Already by 1952 the Wray family had found a very special horse and he was a trotter to boot. A first class trotter had emerged from the family farm and his name was BEN BOY. In a sport that did not yet encourage the racing of young horses to the extent it later would, Mr. Wray had charted out a special course for his youngster at the age of two. At season's end Ben Boy was getting to be quite widely known. In his freshman season he had already established some impressive credentials. He proudly wore the title "Canadian record two-year-old trotter." The future was bright indeed.

In March of 1953 fate was to deal a crushing blow to the young couple. Miller Wray died suddenly at the age of just 29. Left along with his widow were three sons -- Jack, Tom and Pete -- along with two daughters -- Sharon and Joanne. The oldest was ten, and the youngest just two months.

Mrs. Wray was obviously distraught but also resolved to carry on. A big part of her forward plan was to remain in the business of raising and racing horses despite the advice of some who encouraged her to dispose of all of the horses.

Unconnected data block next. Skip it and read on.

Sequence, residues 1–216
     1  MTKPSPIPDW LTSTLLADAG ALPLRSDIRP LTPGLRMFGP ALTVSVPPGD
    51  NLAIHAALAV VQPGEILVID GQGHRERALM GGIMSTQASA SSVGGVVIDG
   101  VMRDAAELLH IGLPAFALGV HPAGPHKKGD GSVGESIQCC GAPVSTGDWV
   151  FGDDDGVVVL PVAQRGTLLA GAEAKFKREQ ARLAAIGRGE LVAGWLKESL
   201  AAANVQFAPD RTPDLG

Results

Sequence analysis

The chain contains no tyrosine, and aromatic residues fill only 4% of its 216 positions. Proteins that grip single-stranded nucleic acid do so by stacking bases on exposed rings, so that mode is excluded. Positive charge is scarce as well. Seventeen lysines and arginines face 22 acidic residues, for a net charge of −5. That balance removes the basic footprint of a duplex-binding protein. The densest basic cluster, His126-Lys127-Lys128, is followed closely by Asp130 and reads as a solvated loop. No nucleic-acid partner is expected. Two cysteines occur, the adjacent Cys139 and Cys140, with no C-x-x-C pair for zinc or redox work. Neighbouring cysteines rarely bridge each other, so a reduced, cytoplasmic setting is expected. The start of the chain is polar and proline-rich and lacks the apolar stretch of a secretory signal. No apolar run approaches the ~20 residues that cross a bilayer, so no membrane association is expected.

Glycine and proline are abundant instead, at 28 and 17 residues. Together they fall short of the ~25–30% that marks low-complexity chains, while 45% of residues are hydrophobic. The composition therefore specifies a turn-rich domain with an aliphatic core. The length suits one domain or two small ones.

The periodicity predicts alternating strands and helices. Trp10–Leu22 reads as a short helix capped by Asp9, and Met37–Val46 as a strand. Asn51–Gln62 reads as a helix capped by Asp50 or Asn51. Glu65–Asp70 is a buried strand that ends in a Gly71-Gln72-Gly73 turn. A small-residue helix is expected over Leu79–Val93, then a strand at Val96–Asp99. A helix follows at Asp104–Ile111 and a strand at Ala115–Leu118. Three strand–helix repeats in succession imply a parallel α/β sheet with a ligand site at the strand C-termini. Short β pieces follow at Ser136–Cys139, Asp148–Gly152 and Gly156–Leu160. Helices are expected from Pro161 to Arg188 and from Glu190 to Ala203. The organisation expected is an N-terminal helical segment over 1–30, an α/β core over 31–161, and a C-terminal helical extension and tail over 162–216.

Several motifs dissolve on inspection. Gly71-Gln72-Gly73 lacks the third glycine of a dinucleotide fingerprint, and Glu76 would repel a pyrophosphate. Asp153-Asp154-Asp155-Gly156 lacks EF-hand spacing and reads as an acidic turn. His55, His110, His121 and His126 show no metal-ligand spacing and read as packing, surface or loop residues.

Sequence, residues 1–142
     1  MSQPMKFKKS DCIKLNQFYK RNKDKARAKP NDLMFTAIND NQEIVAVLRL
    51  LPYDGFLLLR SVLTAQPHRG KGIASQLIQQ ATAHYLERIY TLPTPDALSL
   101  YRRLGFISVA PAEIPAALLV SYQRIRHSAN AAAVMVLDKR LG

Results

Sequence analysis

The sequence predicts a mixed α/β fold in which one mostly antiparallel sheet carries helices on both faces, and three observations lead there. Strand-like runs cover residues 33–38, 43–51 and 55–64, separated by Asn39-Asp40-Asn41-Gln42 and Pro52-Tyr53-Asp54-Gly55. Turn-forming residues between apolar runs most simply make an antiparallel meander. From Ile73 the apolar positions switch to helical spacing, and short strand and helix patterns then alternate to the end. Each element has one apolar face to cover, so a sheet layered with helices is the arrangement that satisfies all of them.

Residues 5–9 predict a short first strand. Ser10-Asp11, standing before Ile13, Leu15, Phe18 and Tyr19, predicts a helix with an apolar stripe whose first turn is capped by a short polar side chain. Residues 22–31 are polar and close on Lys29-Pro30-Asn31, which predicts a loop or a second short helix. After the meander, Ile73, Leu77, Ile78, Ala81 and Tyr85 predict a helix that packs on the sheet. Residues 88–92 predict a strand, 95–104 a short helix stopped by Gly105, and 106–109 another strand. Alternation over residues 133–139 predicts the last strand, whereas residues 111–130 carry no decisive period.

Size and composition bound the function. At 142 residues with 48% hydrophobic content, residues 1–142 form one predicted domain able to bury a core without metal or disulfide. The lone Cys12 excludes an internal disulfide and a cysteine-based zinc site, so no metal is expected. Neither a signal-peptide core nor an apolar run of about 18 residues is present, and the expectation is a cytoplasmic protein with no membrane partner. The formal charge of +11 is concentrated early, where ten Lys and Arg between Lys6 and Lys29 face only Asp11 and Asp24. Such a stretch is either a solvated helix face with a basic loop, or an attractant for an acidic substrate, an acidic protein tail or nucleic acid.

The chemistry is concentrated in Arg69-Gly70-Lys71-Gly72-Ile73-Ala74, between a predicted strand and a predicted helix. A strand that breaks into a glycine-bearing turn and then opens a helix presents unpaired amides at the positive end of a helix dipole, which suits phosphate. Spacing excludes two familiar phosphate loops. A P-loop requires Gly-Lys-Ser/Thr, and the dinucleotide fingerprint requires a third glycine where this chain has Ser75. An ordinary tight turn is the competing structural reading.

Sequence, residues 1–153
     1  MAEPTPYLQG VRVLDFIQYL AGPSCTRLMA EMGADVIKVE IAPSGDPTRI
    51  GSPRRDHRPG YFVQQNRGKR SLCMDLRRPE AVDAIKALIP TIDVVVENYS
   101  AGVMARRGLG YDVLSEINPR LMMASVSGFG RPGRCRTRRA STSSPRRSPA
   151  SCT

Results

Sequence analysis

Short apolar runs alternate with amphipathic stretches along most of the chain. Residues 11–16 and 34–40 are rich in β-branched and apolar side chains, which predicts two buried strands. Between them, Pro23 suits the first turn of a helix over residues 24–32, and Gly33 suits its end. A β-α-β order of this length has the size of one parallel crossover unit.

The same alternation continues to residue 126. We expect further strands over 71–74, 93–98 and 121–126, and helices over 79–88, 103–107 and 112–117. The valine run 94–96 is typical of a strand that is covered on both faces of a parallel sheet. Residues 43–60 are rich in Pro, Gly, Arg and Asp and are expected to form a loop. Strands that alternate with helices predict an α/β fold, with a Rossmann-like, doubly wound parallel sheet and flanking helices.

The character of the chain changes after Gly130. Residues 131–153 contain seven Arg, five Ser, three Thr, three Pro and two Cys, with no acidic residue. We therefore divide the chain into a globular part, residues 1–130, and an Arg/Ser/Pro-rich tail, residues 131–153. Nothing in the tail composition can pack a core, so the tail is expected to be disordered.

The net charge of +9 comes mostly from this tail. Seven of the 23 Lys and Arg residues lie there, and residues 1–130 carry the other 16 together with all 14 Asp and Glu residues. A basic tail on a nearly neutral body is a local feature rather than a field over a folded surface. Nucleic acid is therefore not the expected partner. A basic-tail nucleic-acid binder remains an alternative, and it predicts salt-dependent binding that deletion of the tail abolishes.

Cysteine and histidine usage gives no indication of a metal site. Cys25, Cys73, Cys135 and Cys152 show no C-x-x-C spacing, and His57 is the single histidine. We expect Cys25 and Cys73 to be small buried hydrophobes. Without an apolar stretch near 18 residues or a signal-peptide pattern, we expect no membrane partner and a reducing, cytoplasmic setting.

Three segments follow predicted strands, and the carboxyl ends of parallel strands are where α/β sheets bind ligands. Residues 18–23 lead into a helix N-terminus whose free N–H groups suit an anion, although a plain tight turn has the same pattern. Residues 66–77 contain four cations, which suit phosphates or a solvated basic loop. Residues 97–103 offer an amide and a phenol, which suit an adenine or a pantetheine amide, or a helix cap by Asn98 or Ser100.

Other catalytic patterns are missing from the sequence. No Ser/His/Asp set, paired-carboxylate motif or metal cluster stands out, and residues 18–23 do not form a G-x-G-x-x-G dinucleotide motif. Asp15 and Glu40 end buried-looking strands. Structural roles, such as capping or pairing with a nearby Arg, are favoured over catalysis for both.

Owner Ruth Wray proudly receives a silver tray earned by her fine trotting performer Ben Boy. A mud splattered Keith Waples stands by following the victory. (Wray family photo)

As Ben Boy turned three, an old family friend entered the scene and would be a major factor in the years to come. Keith Waples, a boyhood friend of the late Mr. Wray, took over the training and driving duties of Ben Boy and many others that followed. Keith and Miller Wray had travelled that fair circuit mentioned above and that friendship would now pay dividends.

Ruth Wray remained a pillar of strength for many years, managing the farm and retaining her interest in horses. She and her husband originally had two pieces of farm property and in 1964 she left the original site and built a home on the other. She also did a credible job at her main job which was raising her family. She truly showed how strong a mother can be.

In a recent conversation Joanne Wray shared a few of her thoughts and fond memories of her mother and I have displayed them below. I would like to thank her for the loan of pictures and other assistance in preparing this story. A fine lady remembered.